Colonial Sites in Cartagena

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Colonial Sites in Cartagena
Treasures and pirates abound in the history of Cartagena de Indias. Founded in 1533 by Don Pedro de Heredia, this Caribbean city on the coast of Colombia is surrounded by high walls and the most extensive fortifications in South America. And those walls weren’t just for decoration. Treasures brought from all over the Americas were stored here before being transported to Spain, which attracted the attention of infamous pirates like Sir Francis Drake.

Tired of getting sacked by pirates, the Spanish crown decided to fortify the city; and to protect all that money, they had to fortify it well. Cartagena soon became one of the most protected colonial cities, and the principal Spanish port in South America.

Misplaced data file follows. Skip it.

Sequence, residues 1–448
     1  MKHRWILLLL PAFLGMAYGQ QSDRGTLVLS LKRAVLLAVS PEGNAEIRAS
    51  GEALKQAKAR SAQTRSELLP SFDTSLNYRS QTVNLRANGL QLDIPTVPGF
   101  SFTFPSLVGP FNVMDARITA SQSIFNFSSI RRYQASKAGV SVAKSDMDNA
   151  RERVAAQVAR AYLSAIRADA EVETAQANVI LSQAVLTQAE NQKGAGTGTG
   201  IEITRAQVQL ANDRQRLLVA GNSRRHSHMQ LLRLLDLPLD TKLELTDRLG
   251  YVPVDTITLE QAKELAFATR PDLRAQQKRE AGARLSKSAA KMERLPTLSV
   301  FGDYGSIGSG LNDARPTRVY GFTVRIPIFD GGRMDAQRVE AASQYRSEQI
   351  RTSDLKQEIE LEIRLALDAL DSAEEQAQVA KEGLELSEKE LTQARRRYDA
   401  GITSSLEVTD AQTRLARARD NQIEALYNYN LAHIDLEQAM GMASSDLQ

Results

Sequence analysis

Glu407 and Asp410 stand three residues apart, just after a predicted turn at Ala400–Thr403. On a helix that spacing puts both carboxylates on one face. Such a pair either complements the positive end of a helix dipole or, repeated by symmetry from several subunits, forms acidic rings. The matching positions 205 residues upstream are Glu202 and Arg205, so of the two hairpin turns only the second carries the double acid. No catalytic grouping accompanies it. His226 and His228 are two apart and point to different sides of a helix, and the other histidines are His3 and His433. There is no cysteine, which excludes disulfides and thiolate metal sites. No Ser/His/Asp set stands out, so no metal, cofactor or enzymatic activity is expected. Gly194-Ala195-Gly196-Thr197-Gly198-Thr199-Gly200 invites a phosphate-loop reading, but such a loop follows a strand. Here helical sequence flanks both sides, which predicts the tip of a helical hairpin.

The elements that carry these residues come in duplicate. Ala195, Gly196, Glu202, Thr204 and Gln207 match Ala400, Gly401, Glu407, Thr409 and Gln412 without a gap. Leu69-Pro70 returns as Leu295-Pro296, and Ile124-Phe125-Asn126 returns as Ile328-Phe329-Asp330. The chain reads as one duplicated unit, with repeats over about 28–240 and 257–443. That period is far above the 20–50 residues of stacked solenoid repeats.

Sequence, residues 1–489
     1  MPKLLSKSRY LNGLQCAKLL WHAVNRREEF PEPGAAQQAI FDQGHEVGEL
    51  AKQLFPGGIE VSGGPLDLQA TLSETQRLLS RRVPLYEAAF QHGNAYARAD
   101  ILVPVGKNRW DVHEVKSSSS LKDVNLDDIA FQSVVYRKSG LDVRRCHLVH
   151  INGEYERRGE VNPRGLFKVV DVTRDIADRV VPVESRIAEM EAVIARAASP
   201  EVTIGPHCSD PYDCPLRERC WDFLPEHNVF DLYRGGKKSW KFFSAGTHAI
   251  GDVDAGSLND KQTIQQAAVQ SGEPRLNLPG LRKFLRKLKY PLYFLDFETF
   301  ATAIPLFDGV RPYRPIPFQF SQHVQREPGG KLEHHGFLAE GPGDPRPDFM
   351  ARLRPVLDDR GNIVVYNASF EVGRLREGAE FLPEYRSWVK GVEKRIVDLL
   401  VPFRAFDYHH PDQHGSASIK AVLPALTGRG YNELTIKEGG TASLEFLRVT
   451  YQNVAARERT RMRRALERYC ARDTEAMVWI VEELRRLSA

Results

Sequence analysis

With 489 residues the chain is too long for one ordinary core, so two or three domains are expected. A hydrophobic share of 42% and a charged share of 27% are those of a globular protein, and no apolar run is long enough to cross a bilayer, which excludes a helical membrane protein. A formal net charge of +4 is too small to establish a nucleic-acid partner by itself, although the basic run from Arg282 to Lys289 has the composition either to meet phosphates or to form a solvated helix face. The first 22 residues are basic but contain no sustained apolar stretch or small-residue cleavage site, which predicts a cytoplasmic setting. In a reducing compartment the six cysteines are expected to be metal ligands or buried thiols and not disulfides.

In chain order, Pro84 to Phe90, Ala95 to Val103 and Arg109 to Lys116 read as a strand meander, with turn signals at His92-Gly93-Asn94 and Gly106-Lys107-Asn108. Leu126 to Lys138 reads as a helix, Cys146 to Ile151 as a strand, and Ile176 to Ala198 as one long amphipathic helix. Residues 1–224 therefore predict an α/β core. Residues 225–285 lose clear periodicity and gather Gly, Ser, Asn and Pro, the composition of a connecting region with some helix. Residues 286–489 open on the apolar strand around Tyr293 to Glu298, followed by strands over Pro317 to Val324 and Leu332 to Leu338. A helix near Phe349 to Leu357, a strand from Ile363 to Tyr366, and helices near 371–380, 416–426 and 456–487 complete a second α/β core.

Today, the narrow streets of this UNESCO World Heritage site are filled with colonial architecture, friendly people, and beautiful balconies dripping with flowers, all adding up to an Old City enchantment that’s unique to Cartagena.

There’s plenty to see in the area of the Old City and just beyond, including the landmark Clock Tower, pre-Colombian gold pieces that are on display at the Gold Museum, the Museum of Modern Art, and the historical arches of Las Bovedas. For more colonial history, discover a priest’s fight against slavery at the San Pedro Claver church, learn about a fascinating but dark moment in Cartagena history at the Palace of the Inquisition, visit the oldest church in Cartagena on the Santo Domingo plaza, learn more about the independence of Cartagena at the San Felipe de Barajas Castle, and end your day at the Cerro de la Popa for excellent views of the sunset.
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